The problem is, although Elon is known to be a South African, none of his products have anything to do with this continent. And so the dreams go on.
But there is a glimmer of hope.
In Namibia’s Polytechnic University, a group of students were led by an Italian designer in building an electronic car.
They started small, using limited resources and every tool at their disposal. By the end, they had developed a concept African electric car.
In South Africa, the government tried to develop an African car. Their attempts came up with what we know today as the Joule. The car did not make it for the market. However, the intellectual property behind the car is being utilised by the uYilo Mobility programme at the Nelson Mandela Metropolitan University of Technology to further develop the electronic vehicle industry.
This programme currently conducts various initiatives aimed at advancing e-mobility such as the eBike sharing project. It is a fleet sharing scheme using electric bicycles (eBikes) that are deployed at the university to allow staff and students the opportunity for use of intercampus transport by use of eBikes available in the fleet. This is not the only project that is currently being developed.
There is also the anti-poaching mobility vehicle designed for the safari industry. The aim of the project is to demonstrate the use of an electric vehicle on safari mobility operations.
There are also electric vehicles (EVs) provided by Imperial Green Mobility for anti-poaching programmes at the Shamwari Game Reserve. The intent is to create awareness, test performance of EVs in different roles and determine the feasibly of e-mobility for the safari industry.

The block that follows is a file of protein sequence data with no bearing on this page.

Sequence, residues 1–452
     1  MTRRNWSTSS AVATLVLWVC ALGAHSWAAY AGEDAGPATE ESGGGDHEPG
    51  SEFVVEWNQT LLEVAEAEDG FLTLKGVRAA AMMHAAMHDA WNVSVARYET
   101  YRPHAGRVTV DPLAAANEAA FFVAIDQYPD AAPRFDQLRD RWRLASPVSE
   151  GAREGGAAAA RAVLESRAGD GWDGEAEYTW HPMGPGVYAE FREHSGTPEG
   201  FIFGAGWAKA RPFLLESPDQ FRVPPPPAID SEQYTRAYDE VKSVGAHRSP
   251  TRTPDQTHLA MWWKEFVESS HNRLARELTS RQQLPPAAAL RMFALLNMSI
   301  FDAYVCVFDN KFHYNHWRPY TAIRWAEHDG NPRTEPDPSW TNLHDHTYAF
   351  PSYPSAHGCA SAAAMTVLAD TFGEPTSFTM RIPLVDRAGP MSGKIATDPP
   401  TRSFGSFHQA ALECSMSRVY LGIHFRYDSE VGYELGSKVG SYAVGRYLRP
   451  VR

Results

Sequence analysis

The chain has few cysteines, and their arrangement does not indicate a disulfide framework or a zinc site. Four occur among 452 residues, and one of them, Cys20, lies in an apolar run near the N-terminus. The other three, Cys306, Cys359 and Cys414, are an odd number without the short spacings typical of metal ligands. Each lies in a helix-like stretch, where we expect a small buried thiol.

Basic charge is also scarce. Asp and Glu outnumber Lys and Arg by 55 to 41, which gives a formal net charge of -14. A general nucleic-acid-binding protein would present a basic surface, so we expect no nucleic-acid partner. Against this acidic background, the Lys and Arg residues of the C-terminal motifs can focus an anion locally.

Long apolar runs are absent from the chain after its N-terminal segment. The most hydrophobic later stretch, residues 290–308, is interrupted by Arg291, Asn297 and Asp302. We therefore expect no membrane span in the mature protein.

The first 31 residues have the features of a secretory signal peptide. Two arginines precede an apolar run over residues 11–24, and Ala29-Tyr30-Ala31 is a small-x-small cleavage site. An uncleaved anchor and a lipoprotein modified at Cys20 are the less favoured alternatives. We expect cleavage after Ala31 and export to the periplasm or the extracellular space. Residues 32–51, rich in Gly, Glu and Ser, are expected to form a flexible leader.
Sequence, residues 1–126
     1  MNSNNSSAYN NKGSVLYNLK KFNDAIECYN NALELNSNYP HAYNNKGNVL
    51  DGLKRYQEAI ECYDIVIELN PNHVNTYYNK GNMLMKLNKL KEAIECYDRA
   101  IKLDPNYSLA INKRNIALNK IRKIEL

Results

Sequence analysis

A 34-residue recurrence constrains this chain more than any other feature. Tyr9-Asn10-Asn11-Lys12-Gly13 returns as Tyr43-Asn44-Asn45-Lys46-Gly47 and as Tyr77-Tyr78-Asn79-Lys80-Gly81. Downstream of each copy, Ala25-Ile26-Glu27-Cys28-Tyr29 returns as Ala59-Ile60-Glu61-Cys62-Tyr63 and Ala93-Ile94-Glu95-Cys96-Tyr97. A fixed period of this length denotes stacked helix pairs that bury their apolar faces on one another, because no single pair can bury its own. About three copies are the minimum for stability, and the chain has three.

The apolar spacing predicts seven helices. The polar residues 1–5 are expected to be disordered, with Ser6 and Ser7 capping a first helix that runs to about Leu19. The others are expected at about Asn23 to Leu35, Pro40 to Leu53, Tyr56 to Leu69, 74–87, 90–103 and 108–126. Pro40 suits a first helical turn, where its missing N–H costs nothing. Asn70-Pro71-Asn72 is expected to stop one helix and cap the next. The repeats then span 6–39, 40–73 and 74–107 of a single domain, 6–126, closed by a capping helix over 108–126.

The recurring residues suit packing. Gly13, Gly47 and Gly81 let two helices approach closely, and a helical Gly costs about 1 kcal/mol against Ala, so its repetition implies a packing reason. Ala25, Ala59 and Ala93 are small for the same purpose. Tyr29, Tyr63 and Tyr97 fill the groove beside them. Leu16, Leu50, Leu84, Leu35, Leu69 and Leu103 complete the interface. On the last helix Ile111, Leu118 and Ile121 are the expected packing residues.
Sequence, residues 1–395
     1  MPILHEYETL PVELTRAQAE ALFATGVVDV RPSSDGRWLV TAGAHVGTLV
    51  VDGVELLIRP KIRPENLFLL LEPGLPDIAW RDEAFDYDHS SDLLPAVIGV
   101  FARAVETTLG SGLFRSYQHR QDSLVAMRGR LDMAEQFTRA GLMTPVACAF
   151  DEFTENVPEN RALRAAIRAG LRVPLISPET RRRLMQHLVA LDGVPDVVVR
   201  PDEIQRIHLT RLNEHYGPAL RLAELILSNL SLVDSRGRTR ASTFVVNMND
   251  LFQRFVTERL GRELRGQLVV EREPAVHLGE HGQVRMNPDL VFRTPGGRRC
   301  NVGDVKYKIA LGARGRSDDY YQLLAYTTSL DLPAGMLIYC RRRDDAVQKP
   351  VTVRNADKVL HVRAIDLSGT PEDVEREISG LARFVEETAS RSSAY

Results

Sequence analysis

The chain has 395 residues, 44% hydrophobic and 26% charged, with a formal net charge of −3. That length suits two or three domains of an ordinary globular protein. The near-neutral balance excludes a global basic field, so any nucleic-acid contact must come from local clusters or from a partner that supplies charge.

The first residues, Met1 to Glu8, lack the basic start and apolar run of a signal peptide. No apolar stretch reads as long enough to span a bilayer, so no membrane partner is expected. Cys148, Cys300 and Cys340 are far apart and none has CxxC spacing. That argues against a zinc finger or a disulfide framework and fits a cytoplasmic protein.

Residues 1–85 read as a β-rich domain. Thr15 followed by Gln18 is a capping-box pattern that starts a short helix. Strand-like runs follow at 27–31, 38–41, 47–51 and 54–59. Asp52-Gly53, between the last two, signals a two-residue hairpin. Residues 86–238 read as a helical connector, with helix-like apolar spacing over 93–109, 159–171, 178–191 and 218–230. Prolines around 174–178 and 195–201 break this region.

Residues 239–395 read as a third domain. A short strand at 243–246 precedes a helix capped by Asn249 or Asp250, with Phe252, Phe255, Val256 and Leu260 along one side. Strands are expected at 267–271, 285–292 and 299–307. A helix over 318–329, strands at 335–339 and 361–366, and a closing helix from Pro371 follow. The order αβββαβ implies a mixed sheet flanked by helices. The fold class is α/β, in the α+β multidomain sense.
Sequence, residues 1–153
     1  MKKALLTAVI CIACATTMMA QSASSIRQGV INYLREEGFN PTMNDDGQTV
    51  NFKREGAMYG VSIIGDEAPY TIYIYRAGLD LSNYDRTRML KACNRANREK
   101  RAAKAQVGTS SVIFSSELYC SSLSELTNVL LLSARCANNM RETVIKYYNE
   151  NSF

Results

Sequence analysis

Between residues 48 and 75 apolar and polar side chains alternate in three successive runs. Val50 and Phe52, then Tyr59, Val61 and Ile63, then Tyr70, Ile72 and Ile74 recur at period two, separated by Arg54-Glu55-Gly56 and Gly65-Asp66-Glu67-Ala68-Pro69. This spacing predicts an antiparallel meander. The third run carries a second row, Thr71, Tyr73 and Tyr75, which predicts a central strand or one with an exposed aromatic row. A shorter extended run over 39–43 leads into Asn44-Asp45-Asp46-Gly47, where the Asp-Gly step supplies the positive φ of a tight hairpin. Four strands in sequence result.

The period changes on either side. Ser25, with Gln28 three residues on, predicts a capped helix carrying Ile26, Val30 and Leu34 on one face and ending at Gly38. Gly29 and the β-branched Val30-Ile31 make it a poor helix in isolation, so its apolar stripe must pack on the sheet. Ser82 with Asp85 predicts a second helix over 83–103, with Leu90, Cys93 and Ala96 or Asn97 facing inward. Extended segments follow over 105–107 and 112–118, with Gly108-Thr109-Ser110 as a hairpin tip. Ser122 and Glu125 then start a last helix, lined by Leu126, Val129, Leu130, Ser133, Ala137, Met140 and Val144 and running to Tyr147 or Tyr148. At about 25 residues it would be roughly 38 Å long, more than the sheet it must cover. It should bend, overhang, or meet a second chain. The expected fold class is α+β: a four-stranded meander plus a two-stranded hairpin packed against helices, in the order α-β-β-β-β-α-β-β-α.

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So, the African car dream can still be realised. All that is needed is support for young people and academics working in African research centres.
If a group of young researchers could create a car with minimal resources, imagine what further support could achieve. The Namibian researchers who built an electric vehicle used a tablet as the dashboard for their vehicle.
This was innovation in action. More similar approaches can yield powerful results.
I believe there’s a need to pursue the African dream car. If we do, other industries will be born out of just developing a car. Such a car would need software which can provide job opportunities for local software developers. The car would need physical parts, therefore creating a need for manufacturers of such parts.
In the beginning, I mentioned my dream is to be driven in such a car. That means such a car would have to drive itself.
That fact alone is enough to drive us to develop young people who understand artificial intelligence and who will make it possible for that car to drive itself and respond to various traffic conditions.
I believe the African car dream is possible, so let’s support our technologists and researchers who are trying to make this possible.
Wesley Diphoko is the founder and chief executive of Kaya Labs, a research and development platform that is dedicated to the development of technology leaders.